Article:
The explosion of the mobile and the emergence of the tablet channel present a major challenge to hotel marketers: creating and managing digital presence across three distinct distribution and marketing channels (desktop, mobile, tablet).

The shift away from desktop is accelerating year-over-year

The year-over-year growth in the mobile and tablet device categories is staggering, while the desktop continues to lose ground.

Percent Increase/Decrease in Results in Q1 2014 vs. Q1 2013:

Source Pageviews Visits Bookings Nights Revenue


















The most notable developments in Q1 2014 compared to same period in 2013:

- Hotel website visitors to desktop websites declined by 10.32%, while increasing by nearly 35% via mobile.

- Mobile bookings and room nights increased by 84% while mobile revenue nearly doubled as travel consumers are becoming more comfortable transacting via their smartphones and as smartphone penetration reaches an all-time high – over 50% in the U.S.

- Revenue from desktop devices is on the decline, year-over-year, by 3.05%.

- Though the iPad continues to be the king of tablets, bookings via tablet devices outside iPad increased by a whopping 437% and revenue via 544% compared to Q1 2013.

In fact, a recent study by Google showed that smartphones are the most common starting place for online activities, with 47% of users starting their trip planning process via the smartphone, 45% continuing on a desktop and 3% continuing on a tablet. Tablets are most often a starting point for shopping and trip planning.

What should hoteliers do about the three screens?

So what should hoteliers be doing to drive the most conversions from this dynamic shift from desktop to mobile and tablet? To begin with, they should be treating the desktop, mobile and tablet as three separate channels.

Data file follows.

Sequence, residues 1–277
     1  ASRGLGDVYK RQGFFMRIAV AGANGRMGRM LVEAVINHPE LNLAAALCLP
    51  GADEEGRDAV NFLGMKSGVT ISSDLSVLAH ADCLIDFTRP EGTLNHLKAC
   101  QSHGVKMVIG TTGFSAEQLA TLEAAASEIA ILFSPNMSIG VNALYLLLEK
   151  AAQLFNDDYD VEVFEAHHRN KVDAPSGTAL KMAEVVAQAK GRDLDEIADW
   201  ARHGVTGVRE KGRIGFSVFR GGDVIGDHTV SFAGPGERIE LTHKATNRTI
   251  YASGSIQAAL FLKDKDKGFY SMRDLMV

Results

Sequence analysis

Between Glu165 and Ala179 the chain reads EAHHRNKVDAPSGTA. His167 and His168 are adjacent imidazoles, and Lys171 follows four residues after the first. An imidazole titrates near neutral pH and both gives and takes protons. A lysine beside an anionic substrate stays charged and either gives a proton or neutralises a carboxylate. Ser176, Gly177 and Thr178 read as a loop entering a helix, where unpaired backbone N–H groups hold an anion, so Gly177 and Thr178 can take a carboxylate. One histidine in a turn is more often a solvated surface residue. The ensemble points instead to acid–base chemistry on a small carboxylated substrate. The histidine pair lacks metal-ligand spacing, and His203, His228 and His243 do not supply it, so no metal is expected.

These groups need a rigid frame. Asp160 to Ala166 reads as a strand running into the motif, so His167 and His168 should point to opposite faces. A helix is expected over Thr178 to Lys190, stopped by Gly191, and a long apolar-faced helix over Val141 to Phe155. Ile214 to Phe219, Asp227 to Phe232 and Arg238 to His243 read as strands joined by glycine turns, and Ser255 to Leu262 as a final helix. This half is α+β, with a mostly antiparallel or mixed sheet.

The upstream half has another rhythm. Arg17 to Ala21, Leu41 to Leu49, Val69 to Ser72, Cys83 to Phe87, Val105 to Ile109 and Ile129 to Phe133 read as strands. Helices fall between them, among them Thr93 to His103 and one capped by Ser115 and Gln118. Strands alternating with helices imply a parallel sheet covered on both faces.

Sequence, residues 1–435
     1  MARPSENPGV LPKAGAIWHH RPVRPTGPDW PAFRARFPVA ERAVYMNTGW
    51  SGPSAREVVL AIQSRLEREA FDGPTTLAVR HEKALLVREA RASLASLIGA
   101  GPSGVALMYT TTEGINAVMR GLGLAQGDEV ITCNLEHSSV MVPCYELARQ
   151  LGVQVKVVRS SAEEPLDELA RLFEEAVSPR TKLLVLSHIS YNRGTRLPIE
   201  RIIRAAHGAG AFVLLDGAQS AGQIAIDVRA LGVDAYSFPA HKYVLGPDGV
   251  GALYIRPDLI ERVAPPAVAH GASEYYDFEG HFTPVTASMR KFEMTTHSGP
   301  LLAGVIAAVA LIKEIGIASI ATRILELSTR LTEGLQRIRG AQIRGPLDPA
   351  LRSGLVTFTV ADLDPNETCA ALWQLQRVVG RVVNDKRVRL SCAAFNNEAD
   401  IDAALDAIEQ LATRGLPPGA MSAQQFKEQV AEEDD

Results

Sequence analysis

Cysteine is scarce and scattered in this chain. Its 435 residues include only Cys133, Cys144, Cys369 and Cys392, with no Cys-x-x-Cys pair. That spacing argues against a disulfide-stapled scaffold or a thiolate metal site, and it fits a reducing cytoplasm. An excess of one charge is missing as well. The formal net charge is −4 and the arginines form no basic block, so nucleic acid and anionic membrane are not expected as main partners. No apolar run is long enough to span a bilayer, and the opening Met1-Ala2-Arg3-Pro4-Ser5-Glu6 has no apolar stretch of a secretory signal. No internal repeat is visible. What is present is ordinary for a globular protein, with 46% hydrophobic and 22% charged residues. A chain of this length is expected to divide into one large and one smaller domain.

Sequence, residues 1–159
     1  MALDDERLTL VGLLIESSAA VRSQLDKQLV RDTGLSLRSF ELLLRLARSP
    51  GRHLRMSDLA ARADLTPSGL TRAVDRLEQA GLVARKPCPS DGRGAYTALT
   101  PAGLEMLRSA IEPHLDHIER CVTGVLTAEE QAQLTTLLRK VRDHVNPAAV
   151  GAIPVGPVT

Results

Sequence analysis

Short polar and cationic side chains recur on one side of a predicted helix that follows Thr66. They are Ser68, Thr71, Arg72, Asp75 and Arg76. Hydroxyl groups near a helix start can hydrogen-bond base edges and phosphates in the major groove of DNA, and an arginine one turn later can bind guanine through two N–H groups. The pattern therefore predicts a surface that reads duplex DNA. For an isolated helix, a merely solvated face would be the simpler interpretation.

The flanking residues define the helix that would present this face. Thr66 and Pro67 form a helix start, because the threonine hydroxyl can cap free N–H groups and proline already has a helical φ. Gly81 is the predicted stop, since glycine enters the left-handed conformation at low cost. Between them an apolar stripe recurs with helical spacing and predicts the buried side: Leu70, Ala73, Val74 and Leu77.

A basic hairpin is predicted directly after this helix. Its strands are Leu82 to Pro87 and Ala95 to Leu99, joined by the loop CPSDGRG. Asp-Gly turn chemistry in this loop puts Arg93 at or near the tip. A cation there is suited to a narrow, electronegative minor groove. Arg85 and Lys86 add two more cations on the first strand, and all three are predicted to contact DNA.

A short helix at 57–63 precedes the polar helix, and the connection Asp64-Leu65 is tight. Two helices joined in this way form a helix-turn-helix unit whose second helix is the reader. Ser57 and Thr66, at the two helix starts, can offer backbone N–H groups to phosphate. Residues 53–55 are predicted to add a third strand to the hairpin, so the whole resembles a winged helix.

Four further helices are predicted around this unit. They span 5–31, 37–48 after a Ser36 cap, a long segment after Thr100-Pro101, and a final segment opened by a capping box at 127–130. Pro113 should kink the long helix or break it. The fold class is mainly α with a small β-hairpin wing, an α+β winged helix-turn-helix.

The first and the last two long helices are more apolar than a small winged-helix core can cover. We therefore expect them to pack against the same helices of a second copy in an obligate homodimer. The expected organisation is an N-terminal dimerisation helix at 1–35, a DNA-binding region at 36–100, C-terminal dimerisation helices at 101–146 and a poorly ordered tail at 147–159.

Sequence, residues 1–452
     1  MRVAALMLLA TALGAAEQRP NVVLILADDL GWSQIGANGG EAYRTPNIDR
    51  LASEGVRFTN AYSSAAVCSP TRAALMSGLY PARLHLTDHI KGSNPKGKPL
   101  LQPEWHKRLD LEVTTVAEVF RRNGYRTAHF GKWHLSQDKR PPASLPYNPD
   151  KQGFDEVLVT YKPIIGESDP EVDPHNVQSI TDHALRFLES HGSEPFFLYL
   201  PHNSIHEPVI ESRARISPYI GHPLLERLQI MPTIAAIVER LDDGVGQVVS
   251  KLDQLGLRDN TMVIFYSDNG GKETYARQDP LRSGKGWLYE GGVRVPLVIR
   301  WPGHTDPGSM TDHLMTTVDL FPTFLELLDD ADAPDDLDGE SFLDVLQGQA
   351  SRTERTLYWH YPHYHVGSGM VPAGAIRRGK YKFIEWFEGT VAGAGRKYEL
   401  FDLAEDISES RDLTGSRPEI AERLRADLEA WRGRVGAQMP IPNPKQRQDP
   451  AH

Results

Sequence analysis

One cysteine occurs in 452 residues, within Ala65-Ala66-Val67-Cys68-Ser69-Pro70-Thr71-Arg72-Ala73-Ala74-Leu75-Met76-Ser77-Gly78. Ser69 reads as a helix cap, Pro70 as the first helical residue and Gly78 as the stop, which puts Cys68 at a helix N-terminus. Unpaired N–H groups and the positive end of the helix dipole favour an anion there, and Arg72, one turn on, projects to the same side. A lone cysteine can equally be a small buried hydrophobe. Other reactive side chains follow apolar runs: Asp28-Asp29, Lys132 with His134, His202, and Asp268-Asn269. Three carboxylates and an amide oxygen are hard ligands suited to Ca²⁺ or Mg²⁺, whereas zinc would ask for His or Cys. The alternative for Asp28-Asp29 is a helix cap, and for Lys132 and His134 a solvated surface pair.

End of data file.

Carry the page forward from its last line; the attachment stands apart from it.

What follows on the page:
Here are a few actions steps to help hoteliers address this multi-device user behaviour we are seeing today:

- Hoteliers must boost their presence in all three screens to provide the best user experience on each device (desktop, mobile, tablet).

Hotels should serve the right website content in the right device category (desktop, mobile, tablet) while ensuring the maximum user experience, relevancy of information and conversions. Technology available today, like HeBS Digital’s CMS Premium 6.0, allows for a hotel to manage all digital content in one place, yet still provide a customized user experience for each device. This technology, adaptive web design aka Responsive Design on Server Side (RESS), does the work for the hotelier, meaning they don’t have to manage three different websites.

- This dramatic shift makes year-over-year web analytics meaningless and necessitates the need for sophisticated analytics.

Call analytics or “offline reservation tracking” is now more important than ever: the majority of mobile bookings come via the voice channel. A recent case study by HeBS Digital and Navis demonstrated how a whopping 44% of a property’s online marketing revenue was made through voice reservations, thus leading to a shift in marketing spend and increased ROIs for the client. Use sophisticated analytics – such as Adobe Omniture SiteCatalyst – to determine contributions from and the dynamics of each of the three channels.

- Multi-channel campaigns must be launched to reach consumers at every touch point.

All three channels must be integrated in the hotel’s multi-channel marketing strategy.

These campaigns utilise the right combination of online channels effectively (paid search, email marketing, SEO, online media, social media, etc.) to promote one campaign theme. This strategy is the most effective way to increase reach and boost revenues for a need period.

About Max Starkov

Max Starkov

Max Starkov is President & CEO of HeBS Digital, the hospitality industry’s leading digital technology, full-service marketing and direct online channel consulting firm. Max is a recognized “thought leader” in Internet